The Arkansas Blog, my daily obsession, provided higher education last weekend.
It began with a tip that UALR is taking steps to end its German studies program — not enough students. Existing majors will be accommodated, but possible fallout includes potential impact on exchange programs in German-speaking countries for top scholars and the cool signal to German-owned businesses.
I also learned from the New York Times that Little Rock native Teresa Sullivan, who overcame an effort to oust her as head of the prestigious University of Virginia, came to grief with the business executives who are political overseers of Thomas Jefferson's university because she was too conventional. She wasn't moving fast enough to develop on-line courses. She also wasn't moving fast enough to get rid of unproductive courses in the classics and — there they go again — German.
Forget the umlauts. The broader theme is the sustainability of higher education. Donald Bobbitt, the new University of Arkansas president, is a champion of on-line delivery. A concerned mother has already complained to me that her daughter at Fayetteville will go through two years without contact with an instructor in her major except on-line. If that's so, she wonders, why rent a dorm room?
Legislators are pressing colleges to back away from more than Latin and the romantic poets. They also target core curriculums. Some prefer to focus on the presumptively more productive fields of business, science and technology. Others just see a way to trim courses they don't value. Who really needs Western civilization lectures anyway? Think of how many computers you could buy after RIFing the history department.
Bright lights emerged. A Mount St. Mary graduate, Kathleen Condray, who now heads the German section at UAF, reassured me that the harsh-sounding language I enjoyed for three years in college remains on offer at our flagship institution, including a master's degree. She also spoke a language pragmatic politicians should understand:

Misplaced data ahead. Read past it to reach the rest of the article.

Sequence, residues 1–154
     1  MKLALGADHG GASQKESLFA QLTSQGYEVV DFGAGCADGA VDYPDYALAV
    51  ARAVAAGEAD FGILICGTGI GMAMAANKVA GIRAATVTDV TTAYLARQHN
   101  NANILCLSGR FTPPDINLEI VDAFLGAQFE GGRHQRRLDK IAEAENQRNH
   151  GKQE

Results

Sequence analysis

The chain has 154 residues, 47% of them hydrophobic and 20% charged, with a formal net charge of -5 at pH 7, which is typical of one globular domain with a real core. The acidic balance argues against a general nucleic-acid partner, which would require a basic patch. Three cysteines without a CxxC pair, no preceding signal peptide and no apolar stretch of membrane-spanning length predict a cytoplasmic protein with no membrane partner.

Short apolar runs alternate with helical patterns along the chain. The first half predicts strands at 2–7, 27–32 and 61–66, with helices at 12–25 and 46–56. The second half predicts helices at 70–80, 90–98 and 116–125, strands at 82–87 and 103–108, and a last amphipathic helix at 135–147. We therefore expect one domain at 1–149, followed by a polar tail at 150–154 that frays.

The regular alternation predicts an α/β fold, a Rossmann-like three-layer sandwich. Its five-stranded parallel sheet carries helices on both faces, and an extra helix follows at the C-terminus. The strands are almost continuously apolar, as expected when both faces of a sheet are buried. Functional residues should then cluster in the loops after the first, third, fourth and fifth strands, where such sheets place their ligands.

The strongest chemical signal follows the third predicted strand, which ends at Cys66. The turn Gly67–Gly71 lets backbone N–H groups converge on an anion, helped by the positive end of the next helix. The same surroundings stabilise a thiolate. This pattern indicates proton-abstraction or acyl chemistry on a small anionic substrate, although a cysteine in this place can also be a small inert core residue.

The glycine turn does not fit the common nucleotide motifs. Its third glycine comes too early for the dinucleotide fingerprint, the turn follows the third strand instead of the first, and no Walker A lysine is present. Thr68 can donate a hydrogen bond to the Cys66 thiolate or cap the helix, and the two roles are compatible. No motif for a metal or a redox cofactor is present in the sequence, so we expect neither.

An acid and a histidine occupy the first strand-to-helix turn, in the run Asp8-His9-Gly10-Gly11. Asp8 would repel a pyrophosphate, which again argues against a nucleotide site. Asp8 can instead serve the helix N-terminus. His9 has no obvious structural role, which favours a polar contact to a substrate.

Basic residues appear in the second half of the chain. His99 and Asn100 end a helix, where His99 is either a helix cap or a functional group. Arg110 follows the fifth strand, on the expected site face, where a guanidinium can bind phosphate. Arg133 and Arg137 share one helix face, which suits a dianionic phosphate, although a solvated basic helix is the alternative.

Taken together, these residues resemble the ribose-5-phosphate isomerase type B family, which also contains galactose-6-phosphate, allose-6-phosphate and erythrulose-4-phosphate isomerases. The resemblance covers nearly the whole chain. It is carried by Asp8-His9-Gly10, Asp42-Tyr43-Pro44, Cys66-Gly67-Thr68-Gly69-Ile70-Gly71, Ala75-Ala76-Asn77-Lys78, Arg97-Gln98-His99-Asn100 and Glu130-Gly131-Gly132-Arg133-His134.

"At UAF, students routinely participate in internships abroad at institutions such as BMW, an architecture firm in Leipzig, a marketing start-up in Berlin, and a research laboratory at the University of Weimar. They can certify their language skills for future employers with the internationally recognized exams of the Goethe Institute; one of our recent graduates just started a position at Google's headquarters in California. He noted that they were especially interested in his German skills and that 78 percent of their employees speak more than one language. In spite of Eurozone woes, the European Union is still the largest trading partner of the United States, and Germany is its economic engine. Within the state, the July 2012 Arkansas International Business Report (compiled by ADED) states: "Arkansas has twenty-one (21) German-owned companies with thirty-three (33) locations that account for nearly 1,600 jobs. These companies include manufacturers of wind turbines, automotive parts, power tools, and steel among others."
UA is cultured, too. Condray wrote that an international symposium is set Oct. 11-13 on the German writer Friedrich Gerstäcker, who wrote about Arkansas as the Wild West in the mid-19th century. A colleague, Dr. Jennifer Hoyer, has received an $18,000 grant for a Jewish Studies lecture series, "Beyond the Holocaust." A student whose native language is Spanish will use a grant to study Yiddish this summer in New York. Others are fluent in several languages, including Chinese.
"Our students take preparation for a global workplace very seriously and want experience in Europe, Latin America and Asia," wrote Condray.
If that's not wunderbar enough for you, Condray also struck a downhome note. She volunteered to translate family correspondence from Arkansas's German immigrants of yore in return for permission to include the letters in a historic archive.